The Black Oystercatcher is a large shorebird found along the west coast of North America. Because of its small global population size, low reproductive rate, and dependence on rocky intertidal habitats, it is considered a “species of high conservation concern” and may act as an indicator of intertidal ecosystem health. In 2015, Portland Audubon initiated a 3-y shore-based population survey in Oregon building upon long-term monitoring previously conducted by the US Geological Survey (USGS) and others. The objectives were to: (1) estimate the current minimum population of breeding Black Oystercatchers in Oregon and compare to previous estimates; (2) document oystercatcher abundance on shoreline adjacent to the Oregon's system of Marine Reserves (MRs) and Marine Protected Areas (MPAs); and (3) describe the spatial distribution of breeding oystercatchers along the coast. We targeted all rocky shoreline along Oregon's coastline to conduct abundance surveys each spring from 2015–2017. A total of 75 survey routes were sampled using a standardized land-based survey protocol. Trained volunteer community scientists conducted the majority of the surveys. We used N-mixture statistical models to estimate oystercatcher population size and probability of detection. Population estimates from the best-fitting models were consistent, with estimates ranging from 506 oystercatchers in 2016 (95% credible interval, 463–560) to 629 (548–743) in 2015. These estimates described a small but stable population. Probability of detection remained consistent across years (ranging from 0.51 to 0.53). Breeding density of oystercatchers was higher in southern Oregon. Oystercatcher abundance adjacent to MRs-MPAs accounted for between 12.4–18.3% of the total population estimate, which was lower than expected (approximately 25%). Subsequent conservation efforts for Black Oystercatchers in Oregon could be successful by focusing on limiting human disturbance, particularly on the north and central coasts, and protecting core habitats on the south coast where much of the population resides.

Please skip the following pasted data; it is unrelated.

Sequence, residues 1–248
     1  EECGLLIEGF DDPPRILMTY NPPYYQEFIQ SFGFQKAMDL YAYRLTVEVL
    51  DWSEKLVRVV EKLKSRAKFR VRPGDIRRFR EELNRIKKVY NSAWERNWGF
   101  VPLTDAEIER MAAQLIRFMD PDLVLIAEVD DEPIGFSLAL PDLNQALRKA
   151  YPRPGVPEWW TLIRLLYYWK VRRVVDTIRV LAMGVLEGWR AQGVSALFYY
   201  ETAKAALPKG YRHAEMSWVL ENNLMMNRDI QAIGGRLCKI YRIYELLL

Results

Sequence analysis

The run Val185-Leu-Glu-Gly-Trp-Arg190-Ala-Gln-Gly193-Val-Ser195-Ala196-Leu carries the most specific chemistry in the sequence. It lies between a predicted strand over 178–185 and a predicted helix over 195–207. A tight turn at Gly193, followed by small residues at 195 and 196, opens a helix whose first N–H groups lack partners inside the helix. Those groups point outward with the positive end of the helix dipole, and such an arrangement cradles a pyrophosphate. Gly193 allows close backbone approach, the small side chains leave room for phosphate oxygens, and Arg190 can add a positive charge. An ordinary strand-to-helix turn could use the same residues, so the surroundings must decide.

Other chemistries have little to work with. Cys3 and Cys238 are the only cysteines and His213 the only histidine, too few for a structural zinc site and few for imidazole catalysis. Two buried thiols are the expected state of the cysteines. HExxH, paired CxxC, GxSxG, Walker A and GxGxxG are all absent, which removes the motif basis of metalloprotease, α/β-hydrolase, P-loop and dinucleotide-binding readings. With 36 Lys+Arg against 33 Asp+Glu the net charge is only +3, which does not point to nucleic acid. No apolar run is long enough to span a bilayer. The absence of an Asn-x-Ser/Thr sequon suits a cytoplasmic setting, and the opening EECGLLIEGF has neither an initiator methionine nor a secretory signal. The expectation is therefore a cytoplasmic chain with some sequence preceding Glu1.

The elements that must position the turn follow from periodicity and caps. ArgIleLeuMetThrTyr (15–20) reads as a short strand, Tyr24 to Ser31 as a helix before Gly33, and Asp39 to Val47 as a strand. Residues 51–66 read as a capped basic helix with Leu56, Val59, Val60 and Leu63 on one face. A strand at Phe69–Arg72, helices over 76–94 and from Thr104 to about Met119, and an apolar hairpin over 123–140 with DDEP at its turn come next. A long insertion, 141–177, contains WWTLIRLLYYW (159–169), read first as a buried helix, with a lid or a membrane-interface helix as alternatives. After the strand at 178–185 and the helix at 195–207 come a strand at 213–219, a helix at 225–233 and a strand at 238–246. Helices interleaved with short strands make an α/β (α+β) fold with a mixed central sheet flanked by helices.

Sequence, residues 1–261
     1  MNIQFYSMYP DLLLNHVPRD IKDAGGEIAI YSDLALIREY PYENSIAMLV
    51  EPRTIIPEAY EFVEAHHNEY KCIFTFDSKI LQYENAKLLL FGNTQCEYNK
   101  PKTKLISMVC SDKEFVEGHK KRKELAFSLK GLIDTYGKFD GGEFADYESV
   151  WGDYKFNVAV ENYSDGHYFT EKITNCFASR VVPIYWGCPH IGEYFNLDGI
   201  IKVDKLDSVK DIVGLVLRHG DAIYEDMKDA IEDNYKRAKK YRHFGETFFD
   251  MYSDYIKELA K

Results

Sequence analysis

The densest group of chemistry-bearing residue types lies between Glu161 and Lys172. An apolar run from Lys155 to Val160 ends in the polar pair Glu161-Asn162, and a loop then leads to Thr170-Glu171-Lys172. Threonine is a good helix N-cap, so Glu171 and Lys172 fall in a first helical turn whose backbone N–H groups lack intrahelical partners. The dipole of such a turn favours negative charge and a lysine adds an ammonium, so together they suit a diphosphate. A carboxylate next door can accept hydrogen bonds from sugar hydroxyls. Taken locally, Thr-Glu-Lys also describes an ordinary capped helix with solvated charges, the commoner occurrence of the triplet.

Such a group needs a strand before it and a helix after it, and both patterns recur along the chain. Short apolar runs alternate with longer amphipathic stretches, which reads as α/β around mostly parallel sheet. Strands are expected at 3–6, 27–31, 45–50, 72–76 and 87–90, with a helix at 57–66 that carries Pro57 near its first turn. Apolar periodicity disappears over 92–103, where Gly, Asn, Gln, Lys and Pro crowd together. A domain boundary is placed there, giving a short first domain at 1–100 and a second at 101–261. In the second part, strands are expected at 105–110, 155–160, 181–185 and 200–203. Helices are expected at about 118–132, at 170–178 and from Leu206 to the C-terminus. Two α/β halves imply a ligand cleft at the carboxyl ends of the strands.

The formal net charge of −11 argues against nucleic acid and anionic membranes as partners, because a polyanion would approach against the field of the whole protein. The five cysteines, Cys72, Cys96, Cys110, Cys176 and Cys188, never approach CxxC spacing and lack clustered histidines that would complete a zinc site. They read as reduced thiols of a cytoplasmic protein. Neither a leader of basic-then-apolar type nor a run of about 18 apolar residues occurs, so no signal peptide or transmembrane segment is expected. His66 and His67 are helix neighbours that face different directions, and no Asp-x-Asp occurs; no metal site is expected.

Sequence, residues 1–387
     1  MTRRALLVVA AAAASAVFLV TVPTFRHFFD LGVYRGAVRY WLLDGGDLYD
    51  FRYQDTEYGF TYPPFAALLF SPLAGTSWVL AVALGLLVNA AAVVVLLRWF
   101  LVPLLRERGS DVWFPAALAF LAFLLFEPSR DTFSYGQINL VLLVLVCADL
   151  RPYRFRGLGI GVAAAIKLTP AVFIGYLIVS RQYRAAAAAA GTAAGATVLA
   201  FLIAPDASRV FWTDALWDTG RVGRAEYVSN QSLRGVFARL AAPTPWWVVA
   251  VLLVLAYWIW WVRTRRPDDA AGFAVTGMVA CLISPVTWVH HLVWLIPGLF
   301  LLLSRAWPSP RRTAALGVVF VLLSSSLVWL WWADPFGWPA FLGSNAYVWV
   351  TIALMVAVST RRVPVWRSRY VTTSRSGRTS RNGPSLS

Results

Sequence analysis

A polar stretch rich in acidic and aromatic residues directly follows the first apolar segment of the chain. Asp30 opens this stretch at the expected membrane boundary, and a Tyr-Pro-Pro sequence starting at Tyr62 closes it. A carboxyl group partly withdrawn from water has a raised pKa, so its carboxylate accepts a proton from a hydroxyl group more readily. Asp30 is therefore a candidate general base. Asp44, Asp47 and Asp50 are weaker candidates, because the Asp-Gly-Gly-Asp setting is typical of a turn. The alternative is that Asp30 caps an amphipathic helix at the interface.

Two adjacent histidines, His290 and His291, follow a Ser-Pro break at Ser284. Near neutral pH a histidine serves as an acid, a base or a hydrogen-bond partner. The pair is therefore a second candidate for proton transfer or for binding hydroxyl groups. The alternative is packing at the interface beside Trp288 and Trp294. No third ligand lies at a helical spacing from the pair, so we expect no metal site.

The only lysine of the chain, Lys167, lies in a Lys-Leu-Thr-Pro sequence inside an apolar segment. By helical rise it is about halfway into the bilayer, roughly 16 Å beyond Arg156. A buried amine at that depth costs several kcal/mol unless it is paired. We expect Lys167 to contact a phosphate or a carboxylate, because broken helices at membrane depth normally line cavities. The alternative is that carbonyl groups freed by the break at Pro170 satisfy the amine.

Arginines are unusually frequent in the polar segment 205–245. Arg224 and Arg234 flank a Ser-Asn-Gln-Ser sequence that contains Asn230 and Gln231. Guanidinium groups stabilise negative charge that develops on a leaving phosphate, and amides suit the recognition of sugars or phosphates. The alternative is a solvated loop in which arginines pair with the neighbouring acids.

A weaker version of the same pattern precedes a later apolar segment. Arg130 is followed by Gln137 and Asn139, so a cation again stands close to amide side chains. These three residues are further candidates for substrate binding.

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Vol. 101 • No. 1